Feb. 7, 2020


Berry Ademola

Nigeria

Berry Ademola

Managing Director, CNS Marine

“During the drop off in oil prices a couple of years back, we had to adapt. We were lucky because we are a lean organization.”

BIO

Barry Adedamola is CEO/Managing Director of CNS Marine Nigeria Limited, and is currently responsible for overseeing the management of CNS Marine Nigeria, Corporate Development and strategic growth. He was previously a Director for Global Oil Markets at Cambridge Energy Research Associates (CERA), a leading consulting think-tank renowned for its global expertise on the economics, geopolitical and fundamentals shaping energy markets worldwide. At CERA, he led development efforts on major strategy initiatives including an industry leading multi-client study focused on long term productive capacity for West Africa thru 2020. He is an advisor to several multinational companies on international oil market strategies. An extensive working knowledge of projects, activities, and political climate of the E&P industry in West Africa and experience in assisting clients with problem solving, strategic planning, and market development.


CNS Marine is involved in various segments of the offshore space. Which are the most important revenue-wise?

Subsea solutions are the most important in terms of revenue. We support international companies that are currently producing or exploring in Nigeria's offshore waters. We do not have many local clients. However, there are some indigenous companies that participate in offshore, like Amni, Oriental and Lekoil. Periodically we have requirements to support their offshore operations. There is a shortage of indigenous companies working offshore or on the service side, therefore, we have been successful in this space by focusing on finding the best partners that provide us with technical support and the capacity to participate in these spaces. We are constantly looking for ways to develop and bring in new technologies that will support our clients. We have become a trusted partner for quite a number of companies. We work together with them to deliver services offshore. As for why IOCs would choose an indigenous company such as CNS Marine, the reason lies in our ability to deliver the service with the proven track record of success. Going through the technical process and being evaluated properly is how we get to participate. This is a capital-intensive industry, which makes it a challenge to retain access to opportunities. Interest rates right now are high, sometimes at greater than 20% so to fund an offshore operation, access to capital becomes a priority. We deal with this by running a lean organization. We bootstrap and reinvest revenues to ensure we can support our projects. We have developed relationships with finance houses as well but in a oerfect world, access to international capital with close to zero interest rate is why multinational services companies will always stay ahead of Nigerian service. This is still an area where the whole sector needs help. We have been able to survive and run lean operations while delivering the services needed. We are constantly looking for new opportunities in asset acquisition can capacity building. Our current model is to find partners of like-mind to share assets and maximize asset utilization. Coming out of the market downturn, there is still a lot of assets out there that are underutilized.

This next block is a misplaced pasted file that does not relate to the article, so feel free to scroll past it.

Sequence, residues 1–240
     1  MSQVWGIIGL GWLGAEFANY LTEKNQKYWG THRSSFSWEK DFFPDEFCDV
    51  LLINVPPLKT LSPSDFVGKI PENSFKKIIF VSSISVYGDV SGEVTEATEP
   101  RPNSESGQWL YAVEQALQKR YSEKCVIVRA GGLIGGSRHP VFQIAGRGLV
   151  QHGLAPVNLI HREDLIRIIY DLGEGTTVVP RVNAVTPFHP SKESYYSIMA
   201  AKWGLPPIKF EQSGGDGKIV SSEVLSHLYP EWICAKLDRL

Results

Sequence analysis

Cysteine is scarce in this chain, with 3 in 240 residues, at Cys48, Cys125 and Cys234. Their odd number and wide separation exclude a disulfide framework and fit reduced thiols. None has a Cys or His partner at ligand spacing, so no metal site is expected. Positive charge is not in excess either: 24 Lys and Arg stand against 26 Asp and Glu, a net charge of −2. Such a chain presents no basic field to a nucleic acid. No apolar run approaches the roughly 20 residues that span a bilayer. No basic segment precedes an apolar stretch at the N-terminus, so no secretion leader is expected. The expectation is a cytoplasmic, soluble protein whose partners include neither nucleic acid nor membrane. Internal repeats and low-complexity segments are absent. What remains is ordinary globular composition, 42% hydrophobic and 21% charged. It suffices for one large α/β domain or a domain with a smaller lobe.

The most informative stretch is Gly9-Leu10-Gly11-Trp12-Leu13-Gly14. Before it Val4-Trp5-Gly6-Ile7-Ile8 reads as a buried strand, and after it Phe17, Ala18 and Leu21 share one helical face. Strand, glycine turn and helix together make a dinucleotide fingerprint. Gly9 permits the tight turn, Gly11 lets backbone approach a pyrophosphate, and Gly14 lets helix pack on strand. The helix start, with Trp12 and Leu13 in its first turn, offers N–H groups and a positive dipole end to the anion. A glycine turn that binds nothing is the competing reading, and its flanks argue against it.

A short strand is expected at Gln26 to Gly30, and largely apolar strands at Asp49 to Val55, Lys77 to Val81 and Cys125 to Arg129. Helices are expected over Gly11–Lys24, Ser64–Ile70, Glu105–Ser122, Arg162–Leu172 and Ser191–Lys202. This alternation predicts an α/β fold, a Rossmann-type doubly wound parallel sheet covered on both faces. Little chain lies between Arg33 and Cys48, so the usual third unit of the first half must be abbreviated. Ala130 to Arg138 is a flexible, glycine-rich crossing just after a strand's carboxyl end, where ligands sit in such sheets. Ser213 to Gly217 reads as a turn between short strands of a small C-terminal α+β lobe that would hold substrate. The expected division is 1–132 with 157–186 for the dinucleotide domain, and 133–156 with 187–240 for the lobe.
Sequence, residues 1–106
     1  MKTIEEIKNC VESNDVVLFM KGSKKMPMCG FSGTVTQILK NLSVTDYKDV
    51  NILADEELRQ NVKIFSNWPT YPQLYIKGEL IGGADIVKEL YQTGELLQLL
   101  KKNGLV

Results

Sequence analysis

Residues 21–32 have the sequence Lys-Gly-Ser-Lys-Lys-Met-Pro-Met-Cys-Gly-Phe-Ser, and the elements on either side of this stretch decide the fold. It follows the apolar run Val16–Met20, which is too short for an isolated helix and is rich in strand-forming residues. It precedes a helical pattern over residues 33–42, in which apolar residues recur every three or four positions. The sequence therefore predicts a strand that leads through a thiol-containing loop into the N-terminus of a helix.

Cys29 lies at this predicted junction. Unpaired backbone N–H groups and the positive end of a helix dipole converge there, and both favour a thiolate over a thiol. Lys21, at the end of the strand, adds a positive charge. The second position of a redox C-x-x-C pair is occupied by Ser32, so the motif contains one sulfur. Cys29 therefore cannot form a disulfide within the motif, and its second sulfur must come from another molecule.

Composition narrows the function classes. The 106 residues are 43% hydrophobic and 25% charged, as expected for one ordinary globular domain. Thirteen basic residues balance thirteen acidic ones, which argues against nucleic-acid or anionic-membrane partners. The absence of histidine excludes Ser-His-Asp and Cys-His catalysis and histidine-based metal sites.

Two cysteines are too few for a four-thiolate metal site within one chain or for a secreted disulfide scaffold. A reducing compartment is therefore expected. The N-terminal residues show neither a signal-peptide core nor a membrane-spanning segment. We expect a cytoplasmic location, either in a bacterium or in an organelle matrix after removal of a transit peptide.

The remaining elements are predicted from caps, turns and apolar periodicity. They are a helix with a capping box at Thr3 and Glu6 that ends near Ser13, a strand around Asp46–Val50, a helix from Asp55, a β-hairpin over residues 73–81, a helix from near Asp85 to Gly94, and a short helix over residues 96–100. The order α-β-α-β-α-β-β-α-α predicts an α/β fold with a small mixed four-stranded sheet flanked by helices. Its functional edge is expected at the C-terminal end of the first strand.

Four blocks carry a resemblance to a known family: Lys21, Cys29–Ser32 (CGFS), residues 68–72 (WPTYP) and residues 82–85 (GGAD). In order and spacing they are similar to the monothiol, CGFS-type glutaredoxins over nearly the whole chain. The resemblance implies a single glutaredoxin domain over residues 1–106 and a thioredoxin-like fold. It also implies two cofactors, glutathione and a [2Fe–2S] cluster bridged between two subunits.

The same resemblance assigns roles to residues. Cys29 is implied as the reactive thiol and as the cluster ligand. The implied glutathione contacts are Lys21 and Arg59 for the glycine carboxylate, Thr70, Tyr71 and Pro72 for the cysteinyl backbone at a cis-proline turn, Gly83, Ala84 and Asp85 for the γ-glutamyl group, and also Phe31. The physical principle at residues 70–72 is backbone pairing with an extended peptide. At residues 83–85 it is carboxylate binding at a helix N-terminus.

What is your financial engineering strategy?